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**sam****Member**- Registered: 2005-11-13
- Posts: 2

9 11 _ _ 14 8

6 4 2 5 _ _

3 7 4 1 8 _

18 _ 8 _ 48 15

if sombody can see the pattern that would be great thankyou

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**ryos****Member**- Registered: 2005-08-04
- Posts: 394

The trouble with these is that the sample size isn't large enough to give a definite answer; there are a number of patterns that might fit the bill. For example:

9 11 _ _ 14 8

8 is one less than 9. 11 is 2+9 and 3 less than 14. If we continue this alternating pattern inward, then the middle numbers would be 13 and 8.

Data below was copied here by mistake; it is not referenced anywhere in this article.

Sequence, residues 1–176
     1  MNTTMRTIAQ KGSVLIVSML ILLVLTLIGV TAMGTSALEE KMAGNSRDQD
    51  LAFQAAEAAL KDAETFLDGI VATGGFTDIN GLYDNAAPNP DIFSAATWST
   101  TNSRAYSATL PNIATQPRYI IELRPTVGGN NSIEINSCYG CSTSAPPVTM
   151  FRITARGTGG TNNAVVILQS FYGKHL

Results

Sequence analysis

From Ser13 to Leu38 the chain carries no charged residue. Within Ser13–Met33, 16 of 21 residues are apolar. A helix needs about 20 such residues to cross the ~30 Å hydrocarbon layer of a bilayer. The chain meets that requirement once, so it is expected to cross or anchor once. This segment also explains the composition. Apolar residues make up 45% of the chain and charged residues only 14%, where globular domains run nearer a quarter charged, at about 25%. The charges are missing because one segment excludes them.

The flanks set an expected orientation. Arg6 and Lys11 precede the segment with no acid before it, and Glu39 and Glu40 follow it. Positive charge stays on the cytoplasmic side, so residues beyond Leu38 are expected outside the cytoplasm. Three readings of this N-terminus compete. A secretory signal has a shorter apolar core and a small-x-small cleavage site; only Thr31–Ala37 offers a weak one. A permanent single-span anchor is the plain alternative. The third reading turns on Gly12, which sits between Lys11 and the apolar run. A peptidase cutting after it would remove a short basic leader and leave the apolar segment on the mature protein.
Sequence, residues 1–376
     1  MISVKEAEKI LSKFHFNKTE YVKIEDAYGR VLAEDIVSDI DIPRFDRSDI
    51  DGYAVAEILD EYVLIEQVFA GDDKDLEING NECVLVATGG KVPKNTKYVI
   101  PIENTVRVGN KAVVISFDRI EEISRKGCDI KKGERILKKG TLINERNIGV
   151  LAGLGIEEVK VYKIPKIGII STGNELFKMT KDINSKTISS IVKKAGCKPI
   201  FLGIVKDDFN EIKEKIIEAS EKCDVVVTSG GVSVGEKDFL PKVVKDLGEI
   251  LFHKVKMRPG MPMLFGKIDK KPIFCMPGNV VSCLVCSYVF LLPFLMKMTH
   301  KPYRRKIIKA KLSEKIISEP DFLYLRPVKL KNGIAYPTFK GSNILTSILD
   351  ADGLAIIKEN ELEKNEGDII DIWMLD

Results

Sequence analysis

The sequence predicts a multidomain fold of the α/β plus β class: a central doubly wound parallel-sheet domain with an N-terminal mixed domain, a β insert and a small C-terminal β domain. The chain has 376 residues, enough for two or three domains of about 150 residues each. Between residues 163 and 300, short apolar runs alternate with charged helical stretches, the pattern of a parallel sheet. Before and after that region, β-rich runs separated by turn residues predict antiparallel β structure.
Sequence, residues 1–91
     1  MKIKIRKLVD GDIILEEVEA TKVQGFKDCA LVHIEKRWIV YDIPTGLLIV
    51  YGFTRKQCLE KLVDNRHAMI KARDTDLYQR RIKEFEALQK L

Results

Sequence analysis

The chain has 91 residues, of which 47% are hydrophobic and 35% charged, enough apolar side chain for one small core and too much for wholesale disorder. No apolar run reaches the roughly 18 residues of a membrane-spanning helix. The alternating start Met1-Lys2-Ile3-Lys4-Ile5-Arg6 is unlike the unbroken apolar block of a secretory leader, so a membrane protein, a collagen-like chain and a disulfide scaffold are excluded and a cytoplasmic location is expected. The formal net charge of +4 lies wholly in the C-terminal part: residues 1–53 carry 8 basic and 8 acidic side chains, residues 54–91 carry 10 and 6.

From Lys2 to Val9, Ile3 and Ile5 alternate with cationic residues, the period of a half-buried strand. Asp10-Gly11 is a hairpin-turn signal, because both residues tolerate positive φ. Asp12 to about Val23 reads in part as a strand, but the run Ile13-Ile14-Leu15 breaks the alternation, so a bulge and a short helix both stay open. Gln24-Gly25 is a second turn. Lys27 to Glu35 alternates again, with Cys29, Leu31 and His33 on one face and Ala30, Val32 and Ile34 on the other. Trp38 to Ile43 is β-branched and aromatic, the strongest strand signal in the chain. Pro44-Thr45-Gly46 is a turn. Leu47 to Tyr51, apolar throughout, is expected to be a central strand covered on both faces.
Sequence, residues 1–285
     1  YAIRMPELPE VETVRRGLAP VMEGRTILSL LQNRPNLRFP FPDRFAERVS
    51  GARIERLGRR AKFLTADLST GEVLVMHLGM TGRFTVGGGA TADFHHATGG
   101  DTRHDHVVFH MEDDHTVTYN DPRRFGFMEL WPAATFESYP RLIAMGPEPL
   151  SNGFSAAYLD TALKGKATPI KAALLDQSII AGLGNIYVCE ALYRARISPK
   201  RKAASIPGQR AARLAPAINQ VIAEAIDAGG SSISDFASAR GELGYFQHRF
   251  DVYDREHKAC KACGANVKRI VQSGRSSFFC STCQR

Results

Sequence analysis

6 4 2 5 _ _

This one counts down by twos from 6 until it hits zero, then bounces back to 6-1=5. So, the next two numbers could be 3, 1.

3 7 4 1 8 _

3+4 = 7, so 1+7=8. The missing number may be 7.

18 _ 8 _ 48 15

These really do look chosen at random. I notice that all the odd numbered places have a last digit of 8, and you're given one even place that has a last digit of 15. So, maybe the even spots should be something like 5 and 35.

I don't know, sam. My patterns fit, sort of. They just didn't give you enough numbers to know for sure. Let's hope your teacher is of the reasonable type that listens to reason.

El que pega primero pega dos veces.

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**sam****Member**- Registered: 2005-11-13
- Posts: 2

thank you for your help i think the puzzle was to be solved as a whole so i am going for the top line is the middle 2 multiplied and the bottom is the addition of the same I could not see this the other night

sam

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